The Orangery and the clementine trees of Villandry
In Villandry, when the clementine trees in planters are taken out of the Orangery and arranged in the parterre in the sun-drenched Jardins d’Amour, it means that spring has well and truly sprung. For thousands of years, citrus trees have been considered of great commercial value and provided rich inspiration for the imagination. Originating in sunny climes, they are a challenge for Northern gardeners, who must employ a great deal of inventiveness and expertise in order for them to adorn our gardens.
Clementine on the Parterre de l'Amour.
Citrus fruits are rare, precious and evocative
Evocative of the divine Garden of the Hesperides, reminiscent of the sweetly scented Moorish gardens discovered by crusaders, redolent of the Italian gardens visited during the Italian Wars, citrus trees convey the image of a golden age of abundant vegetation, luxuriating in a temperate and consistent climate. Citrus trees fascinate us with their colours, fragrances and flavours, and this is especially true for Northern Europeans, as they can only be grown in the ground from 45 degrees north of the equator, a line that runs along the north of Bordeaux and the south of Grenoble. In the 17th century, thanks to scientific advances in horticulture, it became possible to grow citrus beyond these climatic constraints. To combat the deadly effects of frost, citrus trees were grown in pots or planters. They were then put outside in beds and borders to soak up the summer sunshine, before being brought into an orangery at the first sign of winter weather, where they would spend the winter at a suitable ambient temperature. This hardening-off method lends citrus trees a symbolism of Man’s taming of Nature. This was taken to the extreme by André Le Nôtre, who successfully maintained an extraordinary outdoor orangery at the Trianon, using a system of glasshouses that could be dismantled. Owning citrus trees came at a significant cost, both in terms of the planters and the building of the orangery itself, and as such these plants were rare and precious.
Growing citrus at Villandry
There appear to have been citrus trees at Villandry since the 18th century, when the Marquis Michel-Ange de Castellane, Louis XV’s former ambassador to the Ottoman court, owned the estate. It may have been his nostalgia for Mediterranean gardens, or perhaps the effects of fashion, or a mixture of the two that led the Marquis de Castellane to have an orangery built at Villandry to house citrus trees.
The ideal place to display the citrus was the terrace – now the First Salon of the Ornamental Garden – which, as it was south-facing, enjoyed a great deal of sunshine, as well as sufficient shelter to protect the trees from the wind. The orangery was built nearby to facilitate the twice-yearly parade of the planters. Cut from the rock, standing five metres tall and covering a surface of 380 m2, the orangery was primarily a storage area, as well as acting as a buttress for the hill above it; meanwhile, the heat required to keep the trees healthy was guaranteed by the troglodytic construction of the building.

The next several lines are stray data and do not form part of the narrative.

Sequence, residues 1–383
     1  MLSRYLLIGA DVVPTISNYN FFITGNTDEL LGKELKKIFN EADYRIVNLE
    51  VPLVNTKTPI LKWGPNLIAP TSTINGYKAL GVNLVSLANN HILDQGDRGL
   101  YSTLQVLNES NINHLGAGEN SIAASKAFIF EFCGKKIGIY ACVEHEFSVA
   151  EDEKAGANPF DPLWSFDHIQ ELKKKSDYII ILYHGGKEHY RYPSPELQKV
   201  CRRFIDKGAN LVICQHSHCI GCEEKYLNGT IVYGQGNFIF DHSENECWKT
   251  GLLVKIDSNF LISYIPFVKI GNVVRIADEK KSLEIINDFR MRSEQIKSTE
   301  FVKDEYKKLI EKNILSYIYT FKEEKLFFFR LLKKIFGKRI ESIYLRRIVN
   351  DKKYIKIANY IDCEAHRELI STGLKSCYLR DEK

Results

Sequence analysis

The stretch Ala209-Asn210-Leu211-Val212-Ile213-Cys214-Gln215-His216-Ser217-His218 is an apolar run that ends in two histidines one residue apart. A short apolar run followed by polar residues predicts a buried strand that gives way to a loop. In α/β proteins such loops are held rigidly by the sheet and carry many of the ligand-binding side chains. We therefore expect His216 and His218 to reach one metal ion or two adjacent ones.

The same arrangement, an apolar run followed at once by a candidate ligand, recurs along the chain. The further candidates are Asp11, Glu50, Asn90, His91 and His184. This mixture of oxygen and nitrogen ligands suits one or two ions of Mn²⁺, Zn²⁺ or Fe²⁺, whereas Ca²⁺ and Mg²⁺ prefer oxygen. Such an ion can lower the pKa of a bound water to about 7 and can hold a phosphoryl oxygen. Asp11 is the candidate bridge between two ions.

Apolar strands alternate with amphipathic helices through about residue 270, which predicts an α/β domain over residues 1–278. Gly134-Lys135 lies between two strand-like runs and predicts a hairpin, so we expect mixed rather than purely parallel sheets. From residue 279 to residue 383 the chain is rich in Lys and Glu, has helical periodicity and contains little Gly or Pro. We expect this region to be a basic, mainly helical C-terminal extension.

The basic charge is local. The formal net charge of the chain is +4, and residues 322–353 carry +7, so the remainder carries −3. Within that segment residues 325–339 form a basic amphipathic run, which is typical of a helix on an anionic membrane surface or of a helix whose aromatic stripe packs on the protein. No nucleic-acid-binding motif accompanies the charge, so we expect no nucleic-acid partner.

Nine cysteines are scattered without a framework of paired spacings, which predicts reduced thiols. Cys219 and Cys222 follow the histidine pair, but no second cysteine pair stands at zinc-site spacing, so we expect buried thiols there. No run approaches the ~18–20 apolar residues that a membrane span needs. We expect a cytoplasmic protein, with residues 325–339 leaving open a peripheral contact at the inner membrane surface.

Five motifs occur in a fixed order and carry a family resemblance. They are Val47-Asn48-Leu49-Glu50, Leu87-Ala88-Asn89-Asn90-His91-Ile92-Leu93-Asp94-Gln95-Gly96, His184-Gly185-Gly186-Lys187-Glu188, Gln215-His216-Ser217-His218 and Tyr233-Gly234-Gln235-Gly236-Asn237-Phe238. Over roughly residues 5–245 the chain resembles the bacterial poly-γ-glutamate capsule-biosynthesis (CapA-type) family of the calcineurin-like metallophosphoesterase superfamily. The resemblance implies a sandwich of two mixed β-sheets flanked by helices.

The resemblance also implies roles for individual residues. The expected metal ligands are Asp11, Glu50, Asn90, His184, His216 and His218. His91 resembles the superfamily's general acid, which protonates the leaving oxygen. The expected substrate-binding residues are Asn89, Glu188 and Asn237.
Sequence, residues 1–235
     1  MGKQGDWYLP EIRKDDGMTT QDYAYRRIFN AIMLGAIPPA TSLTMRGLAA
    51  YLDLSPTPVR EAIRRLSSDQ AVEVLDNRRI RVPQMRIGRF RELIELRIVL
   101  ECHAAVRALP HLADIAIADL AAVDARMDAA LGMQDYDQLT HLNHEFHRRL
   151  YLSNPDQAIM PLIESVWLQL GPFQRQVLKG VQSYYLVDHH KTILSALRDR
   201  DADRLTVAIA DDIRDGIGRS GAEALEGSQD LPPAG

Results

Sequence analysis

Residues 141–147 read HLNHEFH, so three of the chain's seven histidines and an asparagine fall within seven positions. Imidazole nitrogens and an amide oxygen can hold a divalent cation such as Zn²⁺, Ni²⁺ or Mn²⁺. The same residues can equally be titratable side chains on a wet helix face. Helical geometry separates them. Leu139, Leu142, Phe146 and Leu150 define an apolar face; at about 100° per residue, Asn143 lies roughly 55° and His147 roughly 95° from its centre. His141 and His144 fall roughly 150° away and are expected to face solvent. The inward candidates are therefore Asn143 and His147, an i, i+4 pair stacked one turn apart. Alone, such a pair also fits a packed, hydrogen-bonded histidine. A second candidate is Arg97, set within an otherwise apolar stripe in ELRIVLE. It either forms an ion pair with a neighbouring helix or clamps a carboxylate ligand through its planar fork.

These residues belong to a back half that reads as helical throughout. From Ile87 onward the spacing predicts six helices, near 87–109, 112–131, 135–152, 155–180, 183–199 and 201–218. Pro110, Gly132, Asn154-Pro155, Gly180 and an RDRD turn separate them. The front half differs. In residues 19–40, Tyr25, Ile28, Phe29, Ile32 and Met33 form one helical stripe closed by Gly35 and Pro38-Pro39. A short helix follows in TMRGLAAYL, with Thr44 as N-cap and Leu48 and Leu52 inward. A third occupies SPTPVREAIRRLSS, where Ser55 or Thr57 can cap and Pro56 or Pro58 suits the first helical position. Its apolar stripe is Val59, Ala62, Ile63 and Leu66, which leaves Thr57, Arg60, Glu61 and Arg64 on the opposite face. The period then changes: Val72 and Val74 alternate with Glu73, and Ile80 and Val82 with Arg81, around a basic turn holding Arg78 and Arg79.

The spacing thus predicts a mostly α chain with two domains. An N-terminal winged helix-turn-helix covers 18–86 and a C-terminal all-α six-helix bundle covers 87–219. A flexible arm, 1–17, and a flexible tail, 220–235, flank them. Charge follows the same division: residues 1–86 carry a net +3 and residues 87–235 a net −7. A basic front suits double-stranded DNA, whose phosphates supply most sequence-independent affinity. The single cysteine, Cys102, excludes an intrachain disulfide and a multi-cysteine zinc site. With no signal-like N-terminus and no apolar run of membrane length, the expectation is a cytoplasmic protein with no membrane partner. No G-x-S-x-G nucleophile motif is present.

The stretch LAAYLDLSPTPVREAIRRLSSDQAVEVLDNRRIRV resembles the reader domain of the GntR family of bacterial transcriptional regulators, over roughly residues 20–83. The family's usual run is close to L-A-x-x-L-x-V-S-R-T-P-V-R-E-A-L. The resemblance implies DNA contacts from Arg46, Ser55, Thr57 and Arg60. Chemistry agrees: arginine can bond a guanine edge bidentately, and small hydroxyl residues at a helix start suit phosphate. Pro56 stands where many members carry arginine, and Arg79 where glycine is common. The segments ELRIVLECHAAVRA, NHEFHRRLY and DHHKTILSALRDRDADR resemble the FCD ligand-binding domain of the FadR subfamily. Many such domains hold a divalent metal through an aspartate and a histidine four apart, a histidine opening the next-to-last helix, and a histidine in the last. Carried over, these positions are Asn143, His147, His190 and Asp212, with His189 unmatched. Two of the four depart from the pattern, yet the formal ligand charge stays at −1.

Seen from the outside, the orangery is identifiable by its traditional large French windows, which have several functions, including allowing the light to enter to warm up the air inside and promote photosynthesis and, when open, to ventilate the space and allow the heat to enter. As the Villandry orangery is troglodytic, making it somewhat dark, a lighting system was installed (updated in 2012) and is turned on for two hours a day to maintain the photosynthesis process.
The trees in planters spend an average of eight months a year outside and four months inside. As they suffer when overwintering, it is best to leave them outside for as long as possible. Together, the tree, the planter and the soil inside form a colossal weight to move. The planters were once transported on wagons pulled by animals, but are now handled by motorised vehicles that make the gardeners’ work a little easier. Throughout its life cycle, the tree is placed in a series of planters of increasing size, in line with the plant’s root growth. In addition to this repotting, the planters are opened up to change the soil, as it loses its nutrients after three or four years, as well as to plane the roots.
Take the advice of Villandry’s head gardener for growing your orange trees.
J. de la Quintinie, Instructions pour les jardins avec un traité des Orangers, chap. 11 « Des différentes parties qui regardent la culture des Orangers », t. 1, 2de édition, Paris, Claude Barbin, 1697.
Louis Liger , Oeconomie générale de la campagne ou nouvelle maison rustique, 2de édition, t.2, Paris, Claude Prud’homme, 1768, p. 334 à 336.
Dictionnaire des sciences naturelles par plusieurs professeurs du Jardin du Roi et des principales écoles de Paris, Paris, F.G. Leurault, 1817, p. 297 à 332.